Pharmacists Play Important Role in Postoperative Nausea, Vomiting


Jawad Saleh, clinical manager of Pharmacy Services at the Hospital for Special Surgery, discusses how pharmacists can treat postoperative nausea and vomiting.

In an interview with Pharmacy Times® at the American Society of Health-System Pharmacists Midyear Meetings and Exhibition, Jawad Saleh, PharmD, BSPharm, BCCCP, BCPS, clinical manager of Pharmacy Services at the Hospital for Special Surgery, discusses how pharmacists can treat postoperative nausea and vomiting.

Q: Can you describe the challenges that postoperative nausea and vomiting creates for patients and their care providers?

Jawad Saleh: Postoperative nausea vomiting has multiple levels of challenges. You have your patient experience challenges, your patient satisfaction challenges, patients that are retching or vomiting or there's emesis, or even nauseous; they are not happy. There's even a survey that was out there that went through patient experience, would you rather have severe pain or would you rather have nausea and vomiting, and most of them chose I'd rather have pain than nausea vomiting.

It really, really affects patient experience that way, and when you discuss patient experience as a whole, there is an impact on financial when you involve that in HCAP scores and other surveys. You also have the financial impact, whether it's length of stay, whether it's incremental cost of medications being used. Again, the value-based purchasing approach, when you look at the bigger picture, and the patient's experience, so there's many levels to the challenges that we're dealing with. Obviously, one of the biggest challenges is, are people really following guidelines? Are there order sets that we need in place? And is this something that's really being practiced? The best practices on an institutional level? These are really important and specifically again, and is rescue treatment, and understanding what you need to do and the limited medications we do have and how to maneuver is really important as pharmacists.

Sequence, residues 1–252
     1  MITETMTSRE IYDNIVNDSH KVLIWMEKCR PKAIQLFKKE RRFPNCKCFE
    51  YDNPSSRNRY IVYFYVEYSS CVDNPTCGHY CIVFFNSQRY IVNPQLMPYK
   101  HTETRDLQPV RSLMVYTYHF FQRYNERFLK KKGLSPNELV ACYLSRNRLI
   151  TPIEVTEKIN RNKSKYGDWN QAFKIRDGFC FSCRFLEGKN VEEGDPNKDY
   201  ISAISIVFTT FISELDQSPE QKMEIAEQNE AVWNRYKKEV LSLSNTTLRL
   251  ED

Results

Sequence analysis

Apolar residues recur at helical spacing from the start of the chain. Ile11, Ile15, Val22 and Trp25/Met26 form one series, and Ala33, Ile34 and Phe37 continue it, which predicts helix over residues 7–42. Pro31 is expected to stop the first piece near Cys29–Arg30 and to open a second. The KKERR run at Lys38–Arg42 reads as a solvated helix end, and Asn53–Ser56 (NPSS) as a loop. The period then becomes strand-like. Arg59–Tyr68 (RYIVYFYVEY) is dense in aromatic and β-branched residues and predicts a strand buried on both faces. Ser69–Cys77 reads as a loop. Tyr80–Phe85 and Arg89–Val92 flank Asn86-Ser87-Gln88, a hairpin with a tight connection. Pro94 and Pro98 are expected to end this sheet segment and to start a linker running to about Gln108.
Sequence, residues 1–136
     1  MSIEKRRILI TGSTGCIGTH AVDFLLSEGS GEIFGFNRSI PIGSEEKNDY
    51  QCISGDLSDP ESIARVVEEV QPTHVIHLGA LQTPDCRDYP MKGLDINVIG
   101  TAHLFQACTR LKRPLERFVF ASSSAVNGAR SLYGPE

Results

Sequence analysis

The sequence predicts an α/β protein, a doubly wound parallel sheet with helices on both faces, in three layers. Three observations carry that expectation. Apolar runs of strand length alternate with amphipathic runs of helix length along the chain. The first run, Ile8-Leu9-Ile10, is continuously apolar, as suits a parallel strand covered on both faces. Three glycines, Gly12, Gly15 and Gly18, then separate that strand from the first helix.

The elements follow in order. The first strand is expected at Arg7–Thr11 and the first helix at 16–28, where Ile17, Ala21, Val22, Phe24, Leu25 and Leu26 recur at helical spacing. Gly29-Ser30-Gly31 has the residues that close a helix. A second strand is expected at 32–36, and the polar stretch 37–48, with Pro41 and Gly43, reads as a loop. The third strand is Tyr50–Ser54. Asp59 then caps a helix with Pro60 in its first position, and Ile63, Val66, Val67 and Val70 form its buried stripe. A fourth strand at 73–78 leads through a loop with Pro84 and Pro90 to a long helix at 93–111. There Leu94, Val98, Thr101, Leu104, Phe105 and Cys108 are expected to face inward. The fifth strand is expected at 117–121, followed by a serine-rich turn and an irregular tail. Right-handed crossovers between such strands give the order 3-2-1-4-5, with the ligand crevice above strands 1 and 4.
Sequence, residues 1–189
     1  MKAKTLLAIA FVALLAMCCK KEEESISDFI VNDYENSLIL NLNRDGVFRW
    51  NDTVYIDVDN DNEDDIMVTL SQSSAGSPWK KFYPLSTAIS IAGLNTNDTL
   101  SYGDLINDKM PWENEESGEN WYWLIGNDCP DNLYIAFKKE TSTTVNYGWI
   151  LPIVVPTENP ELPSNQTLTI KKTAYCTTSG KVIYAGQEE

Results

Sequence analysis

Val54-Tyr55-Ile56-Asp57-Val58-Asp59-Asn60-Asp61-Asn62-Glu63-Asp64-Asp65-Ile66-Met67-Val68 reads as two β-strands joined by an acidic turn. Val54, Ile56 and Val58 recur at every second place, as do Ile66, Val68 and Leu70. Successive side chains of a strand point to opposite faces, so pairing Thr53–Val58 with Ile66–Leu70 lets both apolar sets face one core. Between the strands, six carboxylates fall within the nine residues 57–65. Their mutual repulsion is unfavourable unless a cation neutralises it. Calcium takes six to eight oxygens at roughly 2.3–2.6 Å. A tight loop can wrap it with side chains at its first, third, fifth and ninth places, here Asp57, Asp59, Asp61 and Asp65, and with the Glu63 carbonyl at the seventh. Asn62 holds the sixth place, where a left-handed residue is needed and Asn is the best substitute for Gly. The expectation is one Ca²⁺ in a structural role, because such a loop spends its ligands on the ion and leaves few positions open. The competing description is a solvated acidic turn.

Q: What is the pharmacist’s role in treating postoperative nausea and vomiting?

Jawad Saleh: I'm a big advocate for pharmacists taking charge. We seem to have full control, or somewhat of a leadership role, in antimicrobial stewardship. We seem to have a role in anticoagulation task forces, and we are co-chairs or secretaries of pharmacy and therapeutics committees. I really feel that opioid stewardship is becoming a really big push and a big move. I think, postoperative nausea vomiting, a big portion of it, of course does have something to do with opioid use as well as that's one of the adverse effects and complications of opioids. Pharmacists really need to take hold of the reins when it comes to postoperative care. We should be involved in policymaking, utilizing evidence-based medicine to create policies, and those policies coincide with the EHR/EMR, whatever you're using at your organization, we use EPIC, and creating pathways in order sets and making sure that MUEs and DUEs are being done to make to monitor that the medications being used in PONV are the correct and most efficient medications to use.

Q: What are the guidelines for treatment of postoperative nausea and vomiting that pharmacists should be aware of?

Jawad Saleh: TJ Gan and team just published the fifth consensus guidelines for PONV. It's out there. It really with rescue, I think, that's one of the more challenging parts of PONV, in general. Prophylaxis prevention is difficult to manage at times, but if done correctly and monitored based on risk factors, it's extremely beneficial. We do have a guide to how many agents to use per risk factor, but treatment gets very tricky. That is due to not utilizing the same agent with the same mechanism of action within 6 hours of giving it and most of us give ondansetron, methadone, and these agents in the operating room. When they come out into the pack unit recovery room or they're ready to go home and an ambulatory center, we utilize the same agents again within that 6-hour timeframe. In reality, if you look at some of the data that exists, giving it within 6 hours is equivalent to placebo. It seems like this is the common culture and mechanism of order entry or prescribing for these agents.

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